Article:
So he is applying a statistical analysis to try to isolate any systematic biases in the way people of different races, ethnicities and primary languages respond to questions on patient satisfaction surveys. “Given the same experiences as a white person, Asians are less likely to give positive responses,” he says. “Physicians who treat a lot of Asian patients receive lower scores on these surveys and this can create an environment in which certain doctors prefer not to treat certain patients.”
Examining systematic biases across racial lines is important because patient experience surveys are often used to assess a physician’s performance and determine their compensation, he says.
Rodriguez is especially pleased to have been awarded a New Connections grant because it “provides a certain legitimacy” to his research. Assistant professors often have a difficult time obtaining funding for their research projects. But “once an institution makes that first investment in us, a lot of us are more attractive to other funders,” he said. “That first investment is really key and is what enables us to go for other opportunities.” Since being awarded the New Connections grant, Rodriguez has acquired additional research funding from the United States Department of Veterans Affairs’ Center for the Study of Healthcare Provider Behavior.
Symposium a Whirlwind
The 2010 New Connections symposium was the fourth annual event of its kind. This highly-focused, three-day conference featured back-to-back presentations and lectures from prominent published scholars; research training and career development sessions; networking events; a panel discussion on the state of health and health care disparities research; and a “speed mentoring” session—an ever popular part of the program.
William Vega, Ph.D., co-director of the Network for Multicultural Research on Health and Healthcare at U.C.L.A., served as symposium chair. He said the symposium was particularly relevant to researchers interested in social issues affecting health who are looking to create solutions by “unlocking why certain things are happening…. Bringing this type of group together is completely outside of the mainstream of how research is normally done,” he said.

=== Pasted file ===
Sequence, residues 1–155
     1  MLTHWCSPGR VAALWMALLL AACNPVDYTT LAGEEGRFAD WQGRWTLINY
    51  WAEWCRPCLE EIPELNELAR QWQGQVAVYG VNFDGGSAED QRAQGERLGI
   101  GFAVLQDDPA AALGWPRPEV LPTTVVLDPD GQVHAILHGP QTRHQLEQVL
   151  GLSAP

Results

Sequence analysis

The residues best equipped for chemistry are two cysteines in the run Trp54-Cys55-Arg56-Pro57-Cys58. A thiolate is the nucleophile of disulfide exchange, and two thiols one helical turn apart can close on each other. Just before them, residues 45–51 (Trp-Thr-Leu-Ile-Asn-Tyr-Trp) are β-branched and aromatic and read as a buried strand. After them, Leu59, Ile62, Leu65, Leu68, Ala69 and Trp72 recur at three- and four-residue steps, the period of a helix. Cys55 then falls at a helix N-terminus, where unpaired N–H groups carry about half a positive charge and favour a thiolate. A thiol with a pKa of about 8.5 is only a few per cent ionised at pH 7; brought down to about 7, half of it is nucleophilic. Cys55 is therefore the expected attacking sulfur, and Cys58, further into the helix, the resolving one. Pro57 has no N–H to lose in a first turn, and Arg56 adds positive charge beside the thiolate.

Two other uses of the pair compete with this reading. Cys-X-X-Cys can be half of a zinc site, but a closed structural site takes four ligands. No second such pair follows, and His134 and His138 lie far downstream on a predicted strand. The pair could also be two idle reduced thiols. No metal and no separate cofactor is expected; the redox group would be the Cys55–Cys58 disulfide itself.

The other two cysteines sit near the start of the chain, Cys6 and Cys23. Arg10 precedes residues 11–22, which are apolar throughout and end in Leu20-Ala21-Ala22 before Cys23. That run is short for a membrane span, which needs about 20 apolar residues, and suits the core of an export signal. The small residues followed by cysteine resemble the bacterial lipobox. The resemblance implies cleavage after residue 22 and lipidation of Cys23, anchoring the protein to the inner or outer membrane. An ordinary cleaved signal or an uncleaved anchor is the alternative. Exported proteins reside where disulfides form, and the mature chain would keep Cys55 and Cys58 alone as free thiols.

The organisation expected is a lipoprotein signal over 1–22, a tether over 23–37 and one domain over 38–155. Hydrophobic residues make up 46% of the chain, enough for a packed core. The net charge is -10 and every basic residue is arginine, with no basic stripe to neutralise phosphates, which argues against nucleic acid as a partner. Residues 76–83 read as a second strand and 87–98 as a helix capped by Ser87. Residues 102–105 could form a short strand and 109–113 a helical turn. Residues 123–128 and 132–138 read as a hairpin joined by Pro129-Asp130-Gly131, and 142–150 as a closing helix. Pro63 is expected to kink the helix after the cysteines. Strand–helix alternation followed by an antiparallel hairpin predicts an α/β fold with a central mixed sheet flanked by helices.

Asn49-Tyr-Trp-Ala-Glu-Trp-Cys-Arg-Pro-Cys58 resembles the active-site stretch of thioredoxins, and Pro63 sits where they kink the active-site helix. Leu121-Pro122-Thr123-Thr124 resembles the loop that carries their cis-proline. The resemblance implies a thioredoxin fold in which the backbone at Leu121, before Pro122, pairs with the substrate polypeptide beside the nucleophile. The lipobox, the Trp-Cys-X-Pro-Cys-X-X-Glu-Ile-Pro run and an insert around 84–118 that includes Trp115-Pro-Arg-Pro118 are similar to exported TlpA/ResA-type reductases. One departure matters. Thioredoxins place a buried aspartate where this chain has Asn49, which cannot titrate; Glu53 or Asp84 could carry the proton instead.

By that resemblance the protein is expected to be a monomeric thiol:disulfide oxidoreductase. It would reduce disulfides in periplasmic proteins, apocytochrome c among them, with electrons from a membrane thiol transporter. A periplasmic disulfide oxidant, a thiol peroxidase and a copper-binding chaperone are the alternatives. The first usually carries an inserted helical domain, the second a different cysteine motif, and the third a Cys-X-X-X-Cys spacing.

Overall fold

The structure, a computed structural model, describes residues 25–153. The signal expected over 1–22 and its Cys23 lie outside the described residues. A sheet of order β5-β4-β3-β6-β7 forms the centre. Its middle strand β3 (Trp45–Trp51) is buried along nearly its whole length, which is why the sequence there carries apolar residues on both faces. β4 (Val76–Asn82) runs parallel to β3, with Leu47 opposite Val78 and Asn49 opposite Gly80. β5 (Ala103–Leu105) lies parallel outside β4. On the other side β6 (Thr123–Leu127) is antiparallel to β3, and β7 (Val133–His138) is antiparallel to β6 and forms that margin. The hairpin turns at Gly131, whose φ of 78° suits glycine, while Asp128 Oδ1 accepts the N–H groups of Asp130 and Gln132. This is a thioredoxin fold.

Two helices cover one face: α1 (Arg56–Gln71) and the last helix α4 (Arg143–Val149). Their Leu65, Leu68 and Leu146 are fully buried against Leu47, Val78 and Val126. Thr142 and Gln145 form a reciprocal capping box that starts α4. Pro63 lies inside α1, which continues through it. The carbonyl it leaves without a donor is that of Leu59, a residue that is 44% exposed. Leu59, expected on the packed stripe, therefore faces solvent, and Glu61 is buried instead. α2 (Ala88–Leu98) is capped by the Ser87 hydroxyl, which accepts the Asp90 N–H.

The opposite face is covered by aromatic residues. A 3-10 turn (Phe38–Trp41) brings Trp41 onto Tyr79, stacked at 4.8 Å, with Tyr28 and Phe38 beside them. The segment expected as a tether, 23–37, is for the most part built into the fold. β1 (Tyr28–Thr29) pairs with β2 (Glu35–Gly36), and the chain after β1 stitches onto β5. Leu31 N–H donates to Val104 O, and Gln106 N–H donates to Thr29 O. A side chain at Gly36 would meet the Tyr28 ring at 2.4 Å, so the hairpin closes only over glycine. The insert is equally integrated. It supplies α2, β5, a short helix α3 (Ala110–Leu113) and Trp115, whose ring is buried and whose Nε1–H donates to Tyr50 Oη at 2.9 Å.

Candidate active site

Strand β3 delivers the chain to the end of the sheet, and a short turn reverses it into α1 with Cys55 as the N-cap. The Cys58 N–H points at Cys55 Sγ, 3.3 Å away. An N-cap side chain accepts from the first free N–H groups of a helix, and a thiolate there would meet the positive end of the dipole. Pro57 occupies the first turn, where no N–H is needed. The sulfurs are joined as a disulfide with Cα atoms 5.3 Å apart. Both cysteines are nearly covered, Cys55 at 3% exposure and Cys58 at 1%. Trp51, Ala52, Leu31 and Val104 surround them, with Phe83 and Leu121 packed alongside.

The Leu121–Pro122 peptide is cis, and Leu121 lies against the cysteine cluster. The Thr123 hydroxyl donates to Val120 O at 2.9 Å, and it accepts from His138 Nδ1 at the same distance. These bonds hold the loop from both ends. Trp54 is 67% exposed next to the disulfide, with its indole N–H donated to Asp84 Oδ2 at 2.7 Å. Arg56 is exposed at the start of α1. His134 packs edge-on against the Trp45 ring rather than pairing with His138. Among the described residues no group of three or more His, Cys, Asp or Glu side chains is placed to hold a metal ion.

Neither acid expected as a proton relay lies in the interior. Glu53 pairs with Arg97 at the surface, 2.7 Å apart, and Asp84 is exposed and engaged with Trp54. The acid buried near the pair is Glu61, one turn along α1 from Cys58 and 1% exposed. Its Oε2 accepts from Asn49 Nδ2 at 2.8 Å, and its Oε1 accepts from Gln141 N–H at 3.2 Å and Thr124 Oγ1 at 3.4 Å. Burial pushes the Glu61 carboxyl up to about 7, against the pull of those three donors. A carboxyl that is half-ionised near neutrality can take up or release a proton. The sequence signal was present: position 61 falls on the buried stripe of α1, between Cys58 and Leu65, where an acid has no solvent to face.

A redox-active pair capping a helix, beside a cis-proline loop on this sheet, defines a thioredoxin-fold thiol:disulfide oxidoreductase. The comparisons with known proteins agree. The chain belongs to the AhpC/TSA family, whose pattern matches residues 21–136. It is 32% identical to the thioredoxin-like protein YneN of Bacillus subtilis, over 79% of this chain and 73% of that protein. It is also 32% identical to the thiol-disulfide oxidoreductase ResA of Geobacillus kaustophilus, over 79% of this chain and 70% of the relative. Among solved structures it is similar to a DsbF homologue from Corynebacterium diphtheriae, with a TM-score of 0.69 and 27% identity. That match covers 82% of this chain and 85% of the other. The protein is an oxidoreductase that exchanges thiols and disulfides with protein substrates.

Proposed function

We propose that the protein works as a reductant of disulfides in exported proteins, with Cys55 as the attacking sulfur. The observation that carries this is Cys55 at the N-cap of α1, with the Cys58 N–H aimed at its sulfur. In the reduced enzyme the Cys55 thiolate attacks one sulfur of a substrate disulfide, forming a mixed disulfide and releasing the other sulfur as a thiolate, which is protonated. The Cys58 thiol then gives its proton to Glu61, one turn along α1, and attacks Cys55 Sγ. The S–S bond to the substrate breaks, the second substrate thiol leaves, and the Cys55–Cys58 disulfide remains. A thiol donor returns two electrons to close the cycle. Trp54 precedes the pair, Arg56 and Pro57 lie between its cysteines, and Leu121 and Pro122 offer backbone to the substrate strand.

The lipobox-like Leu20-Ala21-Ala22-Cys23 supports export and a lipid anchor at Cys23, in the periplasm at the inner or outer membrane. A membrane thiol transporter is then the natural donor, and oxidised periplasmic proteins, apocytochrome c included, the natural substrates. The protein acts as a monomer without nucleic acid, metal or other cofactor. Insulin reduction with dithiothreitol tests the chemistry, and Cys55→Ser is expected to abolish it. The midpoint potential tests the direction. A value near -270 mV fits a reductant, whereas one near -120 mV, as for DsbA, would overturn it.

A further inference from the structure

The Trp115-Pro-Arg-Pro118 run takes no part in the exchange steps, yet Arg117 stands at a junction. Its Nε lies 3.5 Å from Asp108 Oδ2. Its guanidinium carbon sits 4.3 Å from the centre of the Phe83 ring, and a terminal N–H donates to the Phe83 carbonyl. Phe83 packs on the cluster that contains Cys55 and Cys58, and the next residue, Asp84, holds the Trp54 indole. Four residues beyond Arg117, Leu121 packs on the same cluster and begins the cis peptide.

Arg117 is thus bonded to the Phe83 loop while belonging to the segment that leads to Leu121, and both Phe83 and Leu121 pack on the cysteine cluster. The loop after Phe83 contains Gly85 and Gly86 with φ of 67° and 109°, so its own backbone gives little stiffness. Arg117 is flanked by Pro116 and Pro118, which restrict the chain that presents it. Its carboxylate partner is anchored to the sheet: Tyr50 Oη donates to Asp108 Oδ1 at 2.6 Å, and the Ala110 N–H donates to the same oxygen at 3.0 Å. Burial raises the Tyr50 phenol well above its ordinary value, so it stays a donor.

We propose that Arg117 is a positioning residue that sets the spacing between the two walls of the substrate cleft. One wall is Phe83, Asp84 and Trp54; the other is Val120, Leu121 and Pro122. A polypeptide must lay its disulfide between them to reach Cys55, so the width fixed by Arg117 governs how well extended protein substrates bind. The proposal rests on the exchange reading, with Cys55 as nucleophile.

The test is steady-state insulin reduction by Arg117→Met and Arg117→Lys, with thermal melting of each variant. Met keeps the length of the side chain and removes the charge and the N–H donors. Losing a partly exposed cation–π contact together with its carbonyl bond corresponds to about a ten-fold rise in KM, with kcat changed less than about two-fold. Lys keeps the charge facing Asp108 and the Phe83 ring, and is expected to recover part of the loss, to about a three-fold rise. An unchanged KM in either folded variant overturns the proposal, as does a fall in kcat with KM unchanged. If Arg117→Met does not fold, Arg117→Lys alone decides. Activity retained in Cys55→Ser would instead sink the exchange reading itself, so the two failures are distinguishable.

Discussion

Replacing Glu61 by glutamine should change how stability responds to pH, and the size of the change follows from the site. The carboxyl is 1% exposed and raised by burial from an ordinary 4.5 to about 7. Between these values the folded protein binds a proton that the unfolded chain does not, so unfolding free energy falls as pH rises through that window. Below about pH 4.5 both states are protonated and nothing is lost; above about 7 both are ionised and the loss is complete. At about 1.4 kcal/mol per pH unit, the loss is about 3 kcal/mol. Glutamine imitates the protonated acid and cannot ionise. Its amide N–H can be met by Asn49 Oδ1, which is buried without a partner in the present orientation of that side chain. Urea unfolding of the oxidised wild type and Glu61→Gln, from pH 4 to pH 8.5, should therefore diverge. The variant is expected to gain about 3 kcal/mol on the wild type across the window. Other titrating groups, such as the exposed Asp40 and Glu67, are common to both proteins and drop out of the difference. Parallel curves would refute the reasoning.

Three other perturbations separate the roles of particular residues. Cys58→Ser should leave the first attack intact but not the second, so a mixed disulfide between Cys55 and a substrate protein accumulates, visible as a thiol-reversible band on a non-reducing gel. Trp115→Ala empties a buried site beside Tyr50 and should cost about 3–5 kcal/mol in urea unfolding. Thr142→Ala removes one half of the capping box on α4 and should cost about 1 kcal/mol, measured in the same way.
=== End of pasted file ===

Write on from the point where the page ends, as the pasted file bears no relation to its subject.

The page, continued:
New Connections National Program Director Gerri Spilka, M.A., M.Arch., agrees with Dr. Vega. She said, “I think it really takes people who have an allegiance, a personalized sensitivity and the experience of underserved populations to ask research questions that are a little bit out of the mainstream. You get the same old answers or the same types of problem-solving if you only rely on the same dominant culture to conduct the research.” New Connections annually awards as many as 13 research grants of up to $75,000 each to scholars from historically underrepresented and underserved communities.
The symposium included members of the growing RWJF New Connections program network, which now boasts almost 700 people. A select group of 100 attended this year’s conference, including current grantees and alumni, as well as New Connections applicants who did not receive funding.
“If we want solutions to the social health problems that we are addressing as a Foundation, we know that the people who come to the table with us in search of those solutions have to be representative of the communities we are trying to help,” Perez says. “New Connections brings an untapped talent pool of knowledge, innovation and perspective to the work that each of our teams is doing.”
New Connections: Increasing Diversity of RWJF Programming awards one to two-year grants to early and mid-career researchers and scholars who have been underrepresented in research and evaluation activities supported by RWJF.